BMI was positively skewed, so we examined whether a transformation of BMI affected the results using an inverse transformation (ie, X=1/BMI) which corrected the skewness. The results were similar and, in terms of confidence intervals of the estimates, even slightly more precise when the transformed BMI was used (data not shown). However, the original scale provided more convenient regression coefficients, so the analyses were fitted with the original BMI scale. Outlier diagnostics indicated that extreme observations did not substantially influence the results.
With one exception (see below), the findings were similar for women and men, with no statistical evidence of differences by sex. However, because of the sex-specific nature of fertility, we also present the results separately for women and men. In some analyses the confidence intervals of the relevant parameter estimates included 1.00 in separate analyses for women and men, but not when sexes were combined. In the absence of statistical interaction by sex, we will interpret these results based on the estimates for women and men combined.
There was a nonlinear association between adolescent BMI and the number of children in adulthood (Table 2, Model 1), indicating that underweight and obese individuals had fewer children than those with normal weight (Fig. 1A). The predicted number of children of average members (ie, median values) of adolescent underweight, normal weight, overweight, and obese groups were, respectively, 1.49, 1.78, 1.64, and 1.10 in women and 1.32, 1.46, 1.40, and 0.99 in men. In other words, average underweight, overweight, and obese women had, respectively, 16%, 8%, and 38% fewer children than women with normal weight. The corresponding percentages in men were 10%, 4%, and 32%. Individuals with BMI about 2 units above the mean (ie, around the cut-off point of the 75th percentile) were estimated to have 2–3% more children than individuals with mean BMI. Note that women had more children than men because women begin to have children at a younger age.21,22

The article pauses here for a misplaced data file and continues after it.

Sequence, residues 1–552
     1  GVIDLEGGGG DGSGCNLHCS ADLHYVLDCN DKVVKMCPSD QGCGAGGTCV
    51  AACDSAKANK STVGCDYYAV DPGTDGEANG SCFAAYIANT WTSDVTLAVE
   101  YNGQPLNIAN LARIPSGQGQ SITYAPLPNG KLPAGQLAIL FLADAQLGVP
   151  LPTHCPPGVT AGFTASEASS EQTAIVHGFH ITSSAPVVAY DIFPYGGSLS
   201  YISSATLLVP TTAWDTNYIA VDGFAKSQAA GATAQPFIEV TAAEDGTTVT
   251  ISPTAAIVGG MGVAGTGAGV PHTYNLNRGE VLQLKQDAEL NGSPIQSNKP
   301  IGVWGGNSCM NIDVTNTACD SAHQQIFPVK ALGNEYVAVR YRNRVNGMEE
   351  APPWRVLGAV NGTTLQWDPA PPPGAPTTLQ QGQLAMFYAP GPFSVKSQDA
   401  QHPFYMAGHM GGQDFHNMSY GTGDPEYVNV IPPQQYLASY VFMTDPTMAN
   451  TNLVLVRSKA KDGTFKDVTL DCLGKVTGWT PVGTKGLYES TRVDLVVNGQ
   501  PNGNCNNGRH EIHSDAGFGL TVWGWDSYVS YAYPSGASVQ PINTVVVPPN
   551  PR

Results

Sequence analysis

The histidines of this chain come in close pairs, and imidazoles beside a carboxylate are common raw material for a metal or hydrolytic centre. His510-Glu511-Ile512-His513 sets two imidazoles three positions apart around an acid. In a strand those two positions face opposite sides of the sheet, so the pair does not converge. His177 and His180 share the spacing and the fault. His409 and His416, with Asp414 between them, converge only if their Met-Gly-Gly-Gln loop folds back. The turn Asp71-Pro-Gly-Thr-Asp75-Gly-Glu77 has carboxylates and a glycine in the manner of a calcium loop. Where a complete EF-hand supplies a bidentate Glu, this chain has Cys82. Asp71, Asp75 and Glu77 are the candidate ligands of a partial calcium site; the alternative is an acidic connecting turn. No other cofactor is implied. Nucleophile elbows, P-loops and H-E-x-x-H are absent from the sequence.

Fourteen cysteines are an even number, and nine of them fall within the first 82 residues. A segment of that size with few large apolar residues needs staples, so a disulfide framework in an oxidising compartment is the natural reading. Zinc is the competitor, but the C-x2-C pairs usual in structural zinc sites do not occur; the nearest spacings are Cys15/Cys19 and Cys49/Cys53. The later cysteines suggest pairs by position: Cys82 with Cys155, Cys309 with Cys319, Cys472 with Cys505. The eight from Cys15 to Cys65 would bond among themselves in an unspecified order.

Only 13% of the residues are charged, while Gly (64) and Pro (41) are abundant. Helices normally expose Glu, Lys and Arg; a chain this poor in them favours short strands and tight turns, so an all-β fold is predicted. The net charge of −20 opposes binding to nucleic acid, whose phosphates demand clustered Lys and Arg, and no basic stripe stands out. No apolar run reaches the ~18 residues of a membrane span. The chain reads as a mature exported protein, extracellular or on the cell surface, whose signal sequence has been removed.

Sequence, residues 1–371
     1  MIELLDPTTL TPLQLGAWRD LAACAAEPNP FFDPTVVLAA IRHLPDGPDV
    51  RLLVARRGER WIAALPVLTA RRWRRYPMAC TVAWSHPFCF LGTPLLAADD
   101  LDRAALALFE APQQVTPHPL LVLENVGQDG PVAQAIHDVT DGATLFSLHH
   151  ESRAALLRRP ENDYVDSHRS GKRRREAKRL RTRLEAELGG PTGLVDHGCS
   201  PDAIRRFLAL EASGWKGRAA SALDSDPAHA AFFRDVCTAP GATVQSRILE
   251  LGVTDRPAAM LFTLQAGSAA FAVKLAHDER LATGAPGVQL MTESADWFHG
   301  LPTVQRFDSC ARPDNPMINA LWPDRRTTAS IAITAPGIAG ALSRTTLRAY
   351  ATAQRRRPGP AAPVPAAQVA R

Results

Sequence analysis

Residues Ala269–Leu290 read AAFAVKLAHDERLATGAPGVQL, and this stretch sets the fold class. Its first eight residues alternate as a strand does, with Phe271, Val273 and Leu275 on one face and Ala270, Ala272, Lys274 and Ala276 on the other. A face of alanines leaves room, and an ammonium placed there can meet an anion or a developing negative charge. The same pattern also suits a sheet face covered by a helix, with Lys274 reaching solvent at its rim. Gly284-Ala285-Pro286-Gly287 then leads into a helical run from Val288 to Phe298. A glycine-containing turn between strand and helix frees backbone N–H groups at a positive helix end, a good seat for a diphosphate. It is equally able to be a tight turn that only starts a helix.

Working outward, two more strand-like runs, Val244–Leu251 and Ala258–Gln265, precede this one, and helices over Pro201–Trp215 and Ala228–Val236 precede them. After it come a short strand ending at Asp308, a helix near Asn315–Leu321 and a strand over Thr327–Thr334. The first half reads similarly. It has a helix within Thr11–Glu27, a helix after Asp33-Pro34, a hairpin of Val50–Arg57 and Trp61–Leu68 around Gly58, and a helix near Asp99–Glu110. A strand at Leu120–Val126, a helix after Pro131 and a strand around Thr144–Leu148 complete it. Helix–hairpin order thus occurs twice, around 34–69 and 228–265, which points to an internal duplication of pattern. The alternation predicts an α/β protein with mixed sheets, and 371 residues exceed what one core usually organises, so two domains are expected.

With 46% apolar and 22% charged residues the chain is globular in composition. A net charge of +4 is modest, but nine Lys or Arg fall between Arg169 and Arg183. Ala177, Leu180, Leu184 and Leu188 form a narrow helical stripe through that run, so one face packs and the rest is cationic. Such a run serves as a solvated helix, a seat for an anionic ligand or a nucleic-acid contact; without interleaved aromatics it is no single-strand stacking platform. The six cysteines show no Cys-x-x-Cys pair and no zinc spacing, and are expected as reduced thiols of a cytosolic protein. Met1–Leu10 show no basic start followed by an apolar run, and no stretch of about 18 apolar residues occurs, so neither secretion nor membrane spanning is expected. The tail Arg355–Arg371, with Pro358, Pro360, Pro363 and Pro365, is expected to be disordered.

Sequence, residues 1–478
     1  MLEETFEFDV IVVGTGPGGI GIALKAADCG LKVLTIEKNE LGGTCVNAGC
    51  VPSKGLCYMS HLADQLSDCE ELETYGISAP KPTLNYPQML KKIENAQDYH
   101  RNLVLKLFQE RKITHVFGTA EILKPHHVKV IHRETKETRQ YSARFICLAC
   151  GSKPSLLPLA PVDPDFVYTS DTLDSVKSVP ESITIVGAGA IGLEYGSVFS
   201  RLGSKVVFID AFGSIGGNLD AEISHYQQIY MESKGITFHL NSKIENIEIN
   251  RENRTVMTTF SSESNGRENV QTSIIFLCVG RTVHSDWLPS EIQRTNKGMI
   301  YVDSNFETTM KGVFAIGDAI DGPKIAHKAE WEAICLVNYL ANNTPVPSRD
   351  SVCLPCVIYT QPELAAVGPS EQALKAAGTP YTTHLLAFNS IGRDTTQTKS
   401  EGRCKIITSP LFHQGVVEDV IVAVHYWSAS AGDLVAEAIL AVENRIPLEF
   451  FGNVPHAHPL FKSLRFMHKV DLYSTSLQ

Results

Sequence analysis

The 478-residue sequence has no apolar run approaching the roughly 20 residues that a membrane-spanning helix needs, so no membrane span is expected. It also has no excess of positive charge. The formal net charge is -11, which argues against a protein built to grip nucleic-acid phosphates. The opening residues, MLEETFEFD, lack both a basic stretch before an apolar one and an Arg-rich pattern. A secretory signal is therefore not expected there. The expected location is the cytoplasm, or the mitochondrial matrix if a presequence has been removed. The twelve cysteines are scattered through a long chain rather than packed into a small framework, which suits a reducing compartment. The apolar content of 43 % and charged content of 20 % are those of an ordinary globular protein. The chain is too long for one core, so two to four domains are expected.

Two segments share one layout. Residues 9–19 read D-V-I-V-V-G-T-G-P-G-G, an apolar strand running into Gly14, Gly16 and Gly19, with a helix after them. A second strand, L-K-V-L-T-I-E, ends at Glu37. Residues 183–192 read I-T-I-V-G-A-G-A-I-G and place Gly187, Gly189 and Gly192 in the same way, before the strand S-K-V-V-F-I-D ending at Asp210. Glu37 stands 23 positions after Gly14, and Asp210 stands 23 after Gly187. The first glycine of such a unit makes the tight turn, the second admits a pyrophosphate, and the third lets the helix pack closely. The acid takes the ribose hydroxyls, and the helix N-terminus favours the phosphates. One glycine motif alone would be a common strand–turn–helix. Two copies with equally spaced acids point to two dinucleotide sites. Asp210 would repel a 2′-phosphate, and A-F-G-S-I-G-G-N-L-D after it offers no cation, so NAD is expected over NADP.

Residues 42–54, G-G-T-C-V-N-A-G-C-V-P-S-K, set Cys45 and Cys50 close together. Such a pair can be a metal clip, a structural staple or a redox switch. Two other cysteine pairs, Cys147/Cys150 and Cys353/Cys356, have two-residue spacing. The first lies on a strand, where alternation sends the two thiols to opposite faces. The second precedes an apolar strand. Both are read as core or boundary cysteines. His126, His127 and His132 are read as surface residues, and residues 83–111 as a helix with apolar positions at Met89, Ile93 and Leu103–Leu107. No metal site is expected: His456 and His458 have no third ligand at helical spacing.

The survival analyses indicated that there was a nonlinear association between adolescent BMI and the probability of having the first, second or third child at a given age (Table 3; Fig. 2). There were no linear or nonlinear interaction effects between BMI and time, indicating that the strength of the association between BMI and the probability of having children did not increase or decrease with time. Figure 2 shows the cumulative probability (ie, P = 1 – value of survival function) of having children plotted against age in women and men. Table 4 shows in numerical form the likelihoods of having the first, second, and third child by the age of 39 in women and men.